You might be feeling a bit upset because they didn’t get a good report, while also disappointed because you know they haven’t been trying their best. This is what the kids refer to as the "Mum's gonna kill me report" and talking about it isn't a fun conversation. It is an important one though.
Things that DON'T work:
• Blaming their father
• Writing an equally scathing report about their performance at home
• Starting a conversation with them if you are feeling particularly angry or frustrated
• Jumping to the conclusion that this report is a verdict on how successful your child will be in life
Things that DO work:
• Picking the right time to chat to them; maybe make them a Milo – Milo makes everyone feel better, especially with SuperWines for dunking
• Asking them what is going on for them at school and why they are finding it so difficult to apply themselves
• Asking them about their friendships and their teacher (I’m not saying it’s the teacher’s fault), and try to find out what might be causing them to struggle at school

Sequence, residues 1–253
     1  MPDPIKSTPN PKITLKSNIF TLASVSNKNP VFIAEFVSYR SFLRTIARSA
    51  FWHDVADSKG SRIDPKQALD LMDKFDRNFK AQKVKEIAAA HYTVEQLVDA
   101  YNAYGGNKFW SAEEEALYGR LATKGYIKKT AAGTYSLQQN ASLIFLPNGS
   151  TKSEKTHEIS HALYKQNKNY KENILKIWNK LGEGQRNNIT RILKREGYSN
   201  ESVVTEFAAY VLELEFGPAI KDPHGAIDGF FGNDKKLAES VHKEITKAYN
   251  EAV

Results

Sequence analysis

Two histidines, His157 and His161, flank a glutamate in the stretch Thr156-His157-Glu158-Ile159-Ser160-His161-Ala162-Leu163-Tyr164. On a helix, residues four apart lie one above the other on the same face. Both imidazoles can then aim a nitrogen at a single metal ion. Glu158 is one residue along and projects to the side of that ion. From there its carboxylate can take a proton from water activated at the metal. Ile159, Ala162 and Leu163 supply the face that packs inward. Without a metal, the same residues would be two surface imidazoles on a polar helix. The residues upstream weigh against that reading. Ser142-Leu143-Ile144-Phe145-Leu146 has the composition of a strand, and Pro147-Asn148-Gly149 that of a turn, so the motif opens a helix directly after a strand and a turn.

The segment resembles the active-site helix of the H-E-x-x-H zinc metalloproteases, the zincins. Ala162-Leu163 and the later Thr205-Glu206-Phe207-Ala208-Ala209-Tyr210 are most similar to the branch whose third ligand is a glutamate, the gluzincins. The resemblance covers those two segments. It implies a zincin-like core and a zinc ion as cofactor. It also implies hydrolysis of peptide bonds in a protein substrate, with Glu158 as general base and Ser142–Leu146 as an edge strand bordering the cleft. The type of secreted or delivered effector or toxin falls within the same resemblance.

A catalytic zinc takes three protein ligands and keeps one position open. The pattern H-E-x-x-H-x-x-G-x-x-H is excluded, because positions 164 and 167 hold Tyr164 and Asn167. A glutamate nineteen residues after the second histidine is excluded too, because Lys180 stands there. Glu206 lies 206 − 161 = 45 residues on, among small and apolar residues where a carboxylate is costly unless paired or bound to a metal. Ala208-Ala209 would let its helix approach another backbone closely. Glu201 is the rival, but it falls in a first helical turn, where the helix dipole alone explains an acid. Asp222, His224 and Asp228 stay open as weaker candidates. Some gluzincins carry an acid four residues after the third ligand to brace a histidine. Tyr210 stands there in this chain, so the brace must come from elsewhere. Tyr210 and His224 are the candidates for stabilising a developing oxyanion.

• Making a plan together on how you can support them in the future. (Not financially and not in the distant future. More of a “Do you need tutoring?” sort of plan)
• Telling them that the education system doesn’t suit everyone. However, most of the time we need to work out how to do our best within whatever system we find ourselves
• Telling them that you love them regardless of what the report says and it is not a reflection of how valuable they are to you
Remember, there are only a few valid moments as a parent when you get to use the “I’m not angry, I’m just disappointed. But it will never change how much I love you.” line. This is one of them. Use it wisely.
Lastly, remember that who your child is becoming is far more important than what they are achieving. Make sure you take the time to notice specific things about your child that you can give them compliments about. Every human has something beautiful and significant to offer our world. Sometimes the only thing that is required is for someone to notice that thing and then to offer heaps of encouragement to do it more. Keep that in mind as you are talking to your child about their report.